New level 2 water jetting training will teach and assess
A new level 2 competent water jetting qualification will allow contractors to enhance critically important skills and support career pathways in their teams, says the Water Jetting Association.
The WJA is preparing to launch the new qualification, which is designed to give greater assurance that water jetting services, including sewer cleaning, are of a high standard.
The new qualification will overcome the limitations of a current NVQ in water jetting by combining both training and assessment, giving operatives a high quality learning experience.
WJA Director David Kennedy said: “The new WJA level 2 competent water jetting qualification will be 50% training and 50% assessment, while the current NVQ is just assessment.
“The qualification will, for the first time, introduce a proof of competence. This is good for the operative, the contractor and for the client as it gives greater assurance over service quality, productivity, and safety.
“The qualification allows water jetting operatives to hold a WJA competency card and will qualify successful candidates for a CSCS skills card.
“It adds another rung to a company’s career pathway, adding clarity to decisions about team developments and individual reward. As such, it supports the professionalisation of the water jetting industry, something we believe all responsible and forward-thinking contractors will welcome.”
The WJA says the qualification will also help address critical safety and operational issues, pointing to the outcome of the Health and Safety Executive’s (HSE) prosecution of a contractor following the most recent water jetting fatality in the UK in 2017.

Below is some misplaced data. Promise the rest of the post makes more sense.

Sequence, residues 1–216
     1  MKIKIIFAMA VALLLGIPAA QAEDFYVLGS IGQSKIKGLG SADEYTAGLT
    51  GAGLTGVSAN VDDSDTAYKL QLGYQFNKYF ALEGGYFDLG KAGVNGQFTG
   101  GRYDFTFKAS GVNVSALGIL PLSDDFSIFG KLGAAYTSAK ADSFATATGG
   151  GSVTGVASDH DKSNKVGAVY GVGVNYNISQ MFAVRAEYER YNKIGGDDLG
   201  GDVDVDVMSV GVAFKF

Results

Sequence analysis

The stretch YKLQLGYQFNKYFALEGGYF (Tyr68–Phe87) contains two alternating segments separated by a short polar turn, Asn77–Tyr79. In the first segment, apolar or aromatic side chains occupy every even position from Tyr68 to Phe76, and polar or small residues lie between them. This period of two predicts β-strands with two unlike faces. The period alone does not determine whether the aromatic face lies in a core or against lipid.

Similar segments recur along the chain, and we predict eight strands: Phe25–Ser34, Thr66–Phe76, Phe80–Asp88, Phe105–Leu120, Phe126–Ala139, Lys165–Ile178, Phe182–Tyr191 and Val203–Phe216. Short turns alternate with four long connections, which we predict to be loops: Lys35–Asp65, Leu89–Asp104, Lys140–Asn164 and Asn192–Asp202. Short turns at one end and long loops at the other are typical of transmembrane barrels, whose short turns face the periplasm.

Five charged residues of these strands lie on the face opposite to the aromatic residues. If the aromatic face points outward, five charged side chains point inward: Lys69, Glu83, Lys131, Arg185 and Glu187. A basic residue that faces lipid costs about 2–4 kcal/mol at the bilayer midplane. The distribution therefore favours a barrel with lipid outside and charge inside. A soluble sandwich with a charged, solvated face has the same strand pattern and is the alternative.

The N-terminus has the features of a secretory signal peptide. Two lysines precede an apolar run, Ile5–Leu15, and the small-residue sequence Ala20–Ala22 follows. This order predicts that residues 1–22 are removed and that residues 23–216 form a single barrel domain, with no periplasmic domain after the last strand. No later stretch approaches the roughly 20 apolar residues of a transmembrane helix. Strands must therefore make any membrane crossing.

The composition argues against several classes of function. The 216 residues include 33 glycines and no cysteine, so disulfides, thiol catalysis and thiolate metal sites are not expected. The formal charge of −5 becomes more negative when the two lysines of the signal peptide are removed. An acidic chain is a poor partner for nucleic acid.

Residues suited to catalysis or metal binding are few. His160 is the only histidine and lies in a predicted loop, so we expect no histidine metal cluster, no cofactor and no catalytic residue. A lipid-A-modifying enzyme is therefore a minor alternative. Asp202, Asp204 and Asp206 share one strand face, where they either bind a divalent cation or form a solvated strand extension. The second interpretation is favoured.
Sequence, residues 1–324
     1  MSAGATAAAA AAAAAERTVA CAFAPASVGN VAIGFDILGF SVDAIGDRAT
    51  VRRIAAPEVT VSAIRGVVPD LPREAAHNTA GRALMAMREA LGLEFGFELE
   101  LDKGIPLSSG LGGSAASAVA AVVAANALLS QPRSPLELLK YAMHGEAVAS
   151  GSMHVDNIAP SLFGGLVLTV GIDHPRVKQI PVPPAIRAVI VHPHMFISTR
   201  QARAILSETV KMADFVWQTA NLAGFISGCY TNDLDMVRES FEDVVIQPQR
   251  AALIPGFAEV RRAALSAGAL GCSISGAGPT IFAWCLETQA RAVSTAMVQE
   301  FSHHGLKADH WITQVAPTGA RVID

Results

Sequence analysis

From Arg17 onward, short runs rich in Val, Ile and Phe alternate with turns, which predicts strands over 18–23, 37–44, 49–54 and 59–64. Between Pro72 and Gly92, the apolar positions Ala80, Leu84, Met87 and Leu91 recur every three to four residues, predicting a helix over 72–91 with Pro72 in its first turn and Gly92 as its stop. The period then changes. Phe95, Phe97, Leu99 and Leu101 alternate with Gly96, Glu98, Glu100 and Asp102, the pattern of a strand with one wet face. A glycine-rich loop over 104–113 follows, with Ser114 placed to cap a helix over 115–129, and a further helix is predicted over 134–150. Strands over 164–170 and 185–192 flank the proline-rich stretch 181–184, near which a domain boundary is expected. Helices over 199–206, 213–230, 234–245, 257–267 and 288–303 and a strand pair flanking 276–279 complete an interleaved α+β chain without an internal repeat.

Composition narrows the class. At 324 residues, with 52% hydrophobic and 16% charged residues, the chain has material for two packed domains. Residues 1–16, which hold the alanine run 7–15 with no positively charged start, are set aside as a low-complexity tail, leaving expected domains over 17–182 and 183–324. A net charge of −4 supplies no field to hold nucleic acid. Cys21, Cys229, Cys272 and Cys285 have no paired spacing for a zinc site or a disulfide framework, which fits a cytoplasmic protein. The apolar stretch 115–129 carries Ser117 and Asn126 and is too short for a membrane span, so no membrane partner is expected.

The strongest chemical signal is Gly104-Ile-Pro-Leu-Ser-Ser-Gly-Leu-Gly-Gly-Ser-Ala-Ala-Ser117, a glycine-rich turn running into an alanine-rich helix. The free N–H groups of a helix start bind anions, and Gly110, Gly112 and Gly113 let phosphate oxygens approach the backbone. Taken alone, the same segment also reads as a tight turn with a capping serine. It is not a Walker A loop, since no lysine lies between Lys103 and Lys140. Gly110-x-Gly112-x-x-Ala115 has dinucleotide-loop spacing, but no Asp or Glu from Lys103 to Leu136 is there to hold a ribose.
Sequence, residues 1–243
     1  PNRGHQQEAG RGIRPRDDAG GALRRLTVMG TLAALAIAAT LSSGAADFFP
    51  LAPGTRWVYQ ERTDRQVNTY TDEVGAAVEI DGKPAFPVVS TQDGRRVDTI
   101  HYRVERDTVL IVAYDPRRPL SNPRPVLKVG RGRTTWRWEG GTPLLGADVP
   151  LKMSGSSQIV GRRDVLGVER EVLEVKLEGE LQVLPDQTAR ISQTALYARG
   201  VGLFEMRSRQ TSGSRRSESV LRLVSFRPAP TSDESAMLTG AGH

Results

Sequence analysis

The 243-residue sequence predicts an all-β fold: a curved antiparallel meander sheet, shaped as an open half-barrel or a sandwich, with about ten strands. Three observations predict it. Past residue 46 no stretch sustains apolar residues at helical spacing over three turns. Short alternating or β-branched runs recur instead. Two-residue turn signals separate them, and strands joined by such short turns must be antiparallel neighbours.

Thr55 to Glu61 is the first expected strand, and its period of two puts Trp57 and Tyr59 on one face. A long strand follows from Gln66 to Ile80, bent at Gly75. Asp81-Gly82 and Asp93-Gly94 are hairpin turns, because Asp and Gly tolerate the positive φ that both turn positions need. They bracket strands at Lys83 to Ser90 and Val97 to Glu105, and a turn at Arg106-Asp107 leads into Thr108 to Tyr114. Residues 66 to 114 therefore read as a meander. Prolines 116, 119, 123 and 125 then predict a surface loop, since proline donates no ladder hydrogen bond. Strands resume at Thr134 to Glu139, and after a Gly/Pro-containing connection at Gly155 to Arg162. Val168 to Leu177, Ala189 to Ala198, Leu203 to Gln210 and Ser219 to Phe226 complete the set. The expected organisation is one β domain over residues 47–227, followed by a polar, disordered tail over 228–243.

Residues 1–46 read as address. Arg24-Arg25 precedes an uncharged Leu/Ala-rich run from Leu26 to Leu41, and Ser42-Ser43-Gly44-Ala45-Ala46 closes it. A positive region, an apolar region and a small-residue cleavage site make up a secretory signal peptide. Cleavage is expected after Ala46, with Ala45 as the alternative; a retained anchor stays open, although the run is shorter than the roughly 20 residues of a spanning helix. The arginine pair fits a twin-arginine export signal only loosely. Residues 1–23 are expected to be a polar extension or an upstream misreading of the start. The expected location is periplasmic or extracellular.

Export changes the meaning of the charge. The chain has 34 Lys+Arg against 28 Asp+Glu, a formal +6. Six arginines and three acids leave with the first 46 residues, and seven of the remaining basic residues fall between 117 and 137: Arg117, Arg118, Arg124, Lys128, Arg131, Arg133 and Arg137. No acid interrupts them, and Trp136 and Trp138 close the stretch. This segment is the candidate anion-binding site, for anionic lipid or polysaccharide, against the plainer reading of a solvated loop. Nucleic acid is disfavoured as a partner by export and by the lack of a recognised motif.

The contractor, which had not been a WJA member at the time of the incident, was fined £2,000,000 and ordered to pay £30,000 in costs, after pleading guilty to breaching Section 2(1) of the Health and Safety at Work Act 1974.
A worker suffered a fatal injury while cleaning out pipework at the paint shop of a large manufacturing facility. The work involved insertion of an improvised water-jetting tool into the pipe. The tool consisted of a flexible hose with a nozzle-jet attached to the end operating at 1400 bar. During the task, the hose ejected from the pipework.
In an official statement, the HSE inspector who investigated the fatal incident urged other contractors to consult the WJA’s Blue Code of Practice for high pressure and ultra high pressure water jetting, which provides clear safety guidelines relating to manually controlled flexible lances.
David Kennedy said: “The WJA’s two codes of practice are designed specifically to prevent such incidents, which the HSE is at pains to point out. However, training and skills development is another critical component, to ensure our codes of practice are followed.
“The WJA Level 2 competent water jetting qualification will help instil both skills and attitudes that safeguard against hazardous behaviours and supports the development of positive cultures within teams. It will reduce the risk of such catastrophic events occurring.”
To qualify for the training, which will be accredited by City & Guilds, operatives must hold the one-day WJA Safety Awareness course plus the one-day Surface Preparation practical module and one other practical module.
They then undergo work-based assessment, which is expected to last a year, but longer if necessary. Operatives will complete a workbook signed off by supervisors in a process overseen by WJA-approved assessors.
If the operative passes the assessment process, they will receive a WJA competency card. It is a qualification for life. The operative will still have to follow WJA procedure by retaking the safety awareness course every three years.